When Did Bonfire Night Become A Tradition?

Guy Fawkes Night or Bonfire Night has been a tradition in England for decades, but when did we start celebrating it and why?

Remember, remember!

The fifth of November,

The gunpowder treason and plot.

I know of no reason

Why the gunpowder treason

Should ever be forgot!

Every year on the 5th of November people and communities all over the UK let off fireworks and burn bonfires with effigies of a man called Guy Fawkes sitting at the top. But why do we do this? Out of context, this seems like a very odd practice. However, it is actually the way we celebrate a very specific anniversary; it is to mark the day a rebel group’s plan to blow up the Houses of Parliament was foiled. And it’s all thanks to a letter.

Robert Catesby

Robert Catesby
source: wikipedia

During the reign of Queen Elizabeth I, from 1558 to 1603, Catholicism in England had been repressed. After her death, many Catholics hoped that the situation would improve because the new king, James I, was the son of Mary Queen of Scots who had been Catholic. Unfortunately, James, I was Protestant and continued to persecute them.

The constant oppression led to the Catholic Robert Catesby plotting to kill the new king and his establishment. Catesby had already got himself involved with the rebellion of the Earl of Essex against Queen Elizabeth I’s chief advisor, however, he didn’t achieve the outcome he wanted. He was injured, fined, and imprisoned.

That was not enough to stop him, though. In 1602 he was rumoured to have been having discussions with the Spanish government trying to get their help to start a rebellion. Unfortunately for him, the Spanish weren’t too eager and so Catesby decided to come up with his own plan to murder the king and all of parliament, hoping to instigate an uprising and eventually put a Catholic monarch back on the English throne. This was the Gunpowder Plot.

The Gunpowder Plot

the members of the gunpowder plot to blow up parliament

Apparently, Catesby was very charismatic and easily recruited a number of people to support his cause, including brothers John and Christopher Wright, and Thomas Winter. The first stage of their plan quickly came together; they would hide barrels of gunpowder under the House of Lords and, on the opening day of parliament, blow up the government and the new King of England. However, there was one thing missing from their plan, an explosives specialist. Cue Guy Fawkes.

Guy Fawkes

guy fawkes attempting to blow up parliament

Guy Fawkes was a devout Catholic who travelled to Europe to fight in the Eighty Years’ War on the side of Catholic Spain against the recently established Dutch republic. He became a junior officer and had been put forward for a captaincy by 1603.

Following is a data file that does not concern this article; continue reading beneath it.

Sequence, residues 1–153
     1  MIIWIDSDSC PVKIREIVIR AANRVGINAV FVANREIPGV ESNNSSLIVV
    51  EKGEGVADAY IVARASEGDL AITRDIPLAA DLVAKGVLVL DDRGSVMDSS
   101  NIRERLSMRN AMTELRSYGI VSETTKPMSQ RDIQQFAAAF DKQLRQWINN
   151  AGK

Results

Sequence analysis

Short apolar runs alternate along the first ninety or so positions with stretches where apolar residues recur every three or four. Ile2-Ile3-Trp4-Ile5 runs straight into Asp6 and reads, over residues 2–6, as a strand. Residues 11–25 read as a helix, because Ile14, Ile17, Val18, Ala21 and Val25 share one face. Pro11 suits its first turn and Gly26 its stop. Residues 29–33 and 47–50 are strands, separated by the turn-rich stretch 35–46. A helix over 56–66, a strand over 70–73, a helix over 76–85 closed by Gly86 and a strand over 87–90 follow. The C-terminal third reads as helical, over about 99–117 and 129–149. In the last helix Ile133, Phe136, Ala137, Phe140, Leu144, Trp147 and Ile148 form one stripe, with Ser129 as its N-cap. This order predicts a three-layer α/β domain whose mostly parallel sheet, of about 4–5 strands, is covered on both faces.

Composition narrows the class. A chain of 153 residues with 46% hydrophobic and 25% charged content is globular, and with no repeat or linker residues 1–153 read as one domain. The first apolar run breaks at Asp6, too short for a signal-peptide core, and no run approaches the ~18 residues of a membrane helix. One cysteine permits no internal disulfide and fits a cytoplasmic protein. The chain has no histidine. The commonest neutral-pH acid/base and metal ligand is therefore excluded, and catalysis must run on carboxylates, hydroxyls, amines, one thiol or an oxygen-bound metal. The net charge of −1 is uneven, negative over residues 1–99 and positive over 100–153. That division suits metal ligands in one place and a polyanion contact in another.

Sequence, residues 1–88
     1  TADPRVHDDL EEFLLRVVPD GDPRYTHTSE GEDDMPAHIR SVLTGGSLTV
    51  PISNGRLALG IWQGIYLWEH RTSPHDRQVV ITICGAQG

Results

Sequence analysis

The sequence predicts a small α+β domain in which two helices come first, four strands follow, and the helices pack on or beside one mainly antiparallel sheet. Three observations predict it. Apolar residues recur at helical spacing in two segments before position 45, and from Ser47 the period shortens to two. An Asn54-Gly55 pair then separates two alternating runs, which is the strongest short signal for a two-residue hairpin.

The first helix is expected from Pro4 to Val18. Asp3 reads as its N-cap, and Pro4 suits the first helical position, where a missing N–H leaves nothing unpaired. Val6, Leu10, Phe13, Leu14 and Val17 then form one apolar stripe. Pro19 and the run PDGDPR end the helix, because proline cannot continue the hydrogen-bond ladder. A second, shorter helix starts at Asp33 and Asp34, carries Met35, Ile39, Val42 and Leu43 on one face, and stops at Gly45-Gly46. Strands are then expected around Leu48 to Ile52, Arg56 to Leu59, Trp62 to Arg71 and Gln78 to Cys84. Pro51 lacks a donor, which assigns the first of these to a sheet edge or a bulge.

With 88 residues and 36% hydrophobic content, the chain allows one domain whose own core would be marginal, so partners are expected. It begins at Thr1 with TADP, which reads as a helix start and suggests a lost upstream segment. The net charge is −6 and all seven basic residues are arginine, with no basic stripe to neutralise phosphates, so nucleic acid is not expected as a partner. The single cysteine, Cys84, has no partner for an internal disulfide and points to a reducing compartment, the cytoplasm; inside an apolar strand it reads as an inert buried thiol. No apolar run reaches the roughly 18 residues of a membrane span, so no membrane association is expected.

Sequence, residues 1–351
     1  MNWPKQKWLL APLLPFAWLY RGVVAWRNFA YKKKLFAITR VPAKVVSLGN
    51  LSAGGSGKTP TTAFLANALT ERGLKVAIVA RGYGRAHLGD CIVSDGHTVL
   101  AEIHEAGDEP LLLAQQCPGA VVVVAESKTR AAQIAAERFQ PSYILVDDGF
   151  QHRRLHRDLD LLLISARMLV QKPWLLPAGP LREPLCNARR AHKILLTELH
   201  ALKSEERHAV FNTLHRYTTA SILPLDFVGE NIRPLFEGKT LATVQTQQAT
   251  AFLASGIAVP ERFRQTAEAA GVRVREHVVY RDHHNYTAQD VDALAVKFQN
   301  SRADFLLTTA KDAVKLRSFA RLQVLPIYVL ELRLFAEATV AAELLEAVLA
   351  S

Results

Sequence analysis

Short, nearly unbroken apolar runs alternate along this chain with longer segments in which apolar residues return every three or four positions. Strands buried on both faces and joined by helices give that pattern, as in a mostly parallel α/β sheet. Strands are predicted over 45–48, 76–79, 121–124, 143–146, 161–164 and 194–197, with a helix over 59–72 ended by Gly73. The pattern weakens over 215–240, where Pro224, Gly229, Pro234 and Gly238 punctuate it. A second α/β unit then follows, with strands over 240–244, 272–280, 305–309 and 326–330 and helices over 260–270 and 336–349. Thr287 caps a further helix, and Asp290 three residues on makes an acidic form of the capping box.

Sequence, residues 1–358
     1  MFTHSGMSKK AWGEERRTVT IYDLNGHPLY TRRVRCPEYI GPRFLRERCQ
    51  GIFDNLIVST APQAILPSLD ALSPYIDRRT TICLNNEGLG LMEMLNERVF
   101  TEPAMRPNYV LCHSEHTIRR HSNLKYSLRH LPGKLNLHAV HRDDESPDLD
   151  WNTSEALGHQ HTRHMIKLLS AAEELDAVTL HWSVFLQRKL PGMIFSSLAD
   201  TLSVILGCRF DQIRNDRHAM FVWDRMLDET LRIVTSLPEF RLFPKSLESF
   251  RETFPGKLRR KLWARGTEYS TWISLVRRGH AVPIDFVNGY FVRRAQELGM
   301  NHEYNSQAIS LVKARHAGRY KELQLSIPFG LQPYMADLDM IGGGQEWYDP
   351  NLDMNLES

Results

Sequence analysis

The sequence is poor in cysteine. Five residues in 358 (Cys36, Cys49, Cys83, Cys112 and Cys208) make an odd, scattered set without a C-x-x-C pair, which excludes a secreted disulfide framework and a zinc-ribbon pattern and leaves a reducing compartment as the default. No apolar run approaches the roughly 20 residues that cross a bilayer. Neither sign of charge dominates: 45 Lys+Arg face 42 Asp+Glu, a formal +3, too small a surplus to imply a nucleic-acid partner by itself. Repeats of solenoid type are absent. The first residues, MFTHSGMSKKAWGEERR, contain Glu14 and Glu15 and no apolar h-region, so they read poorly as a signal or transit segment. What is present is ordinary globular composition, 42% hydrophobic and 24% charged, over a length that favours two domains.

While in Spain, he tried to gain their support to start a Catholic rebellion in England but, like Catesby, was unsuccessful. It was there, though, that he came into contact with Thomas Winter who introduced him to Robert Catesby and made him aware of the Gunpowder Plot, leading him to join the group in 1604.

Putting the plan into action

plotting at the duck and drake

The Duck and Drake Inn was the first meeting place of the main plotters, and they gathered on 20th May 1604. One member of the group, Thomas Percy was able to gain access to a house in London after being employed as a Gentleman Pensioner: a bodyguard of the British monarch and appointed Fawkes as a caretaker there under the pseudonym John Johnson.

At some point, they also purchased the lease to an under-croft (cellar or storage room) that was conveniently located right underneath the House of Lords. They got to work and, over time, hid a total of 36 barrels of gunpowder there by mid-July; unfortunately for them, the opening of parliament was delayed due to the risk of the plague and was rescheduled to the 5th of November. Not wanting to sit and twiddle his thumbs, Fawkes returned to Europe again to try and get foreign support, but he was unsuccessful.

In August 1605 Fawkes and Wintour discovered that the gunpowder had decayed, so the group had to smuggle more in, using firewood to disguise it. After several meetings in October, it was concluded that Fawkes would be the one to light the fuse and then escape across the Thames out of harm’s way.

The Letter

the letter that foiled the gunpowder plot

Although all the conspirators were on board with the plot to kill the protestant king, some were worried about their Catholic brothers who would be at the opening of parliament, and therefore present when the Houses of Parliament blew up.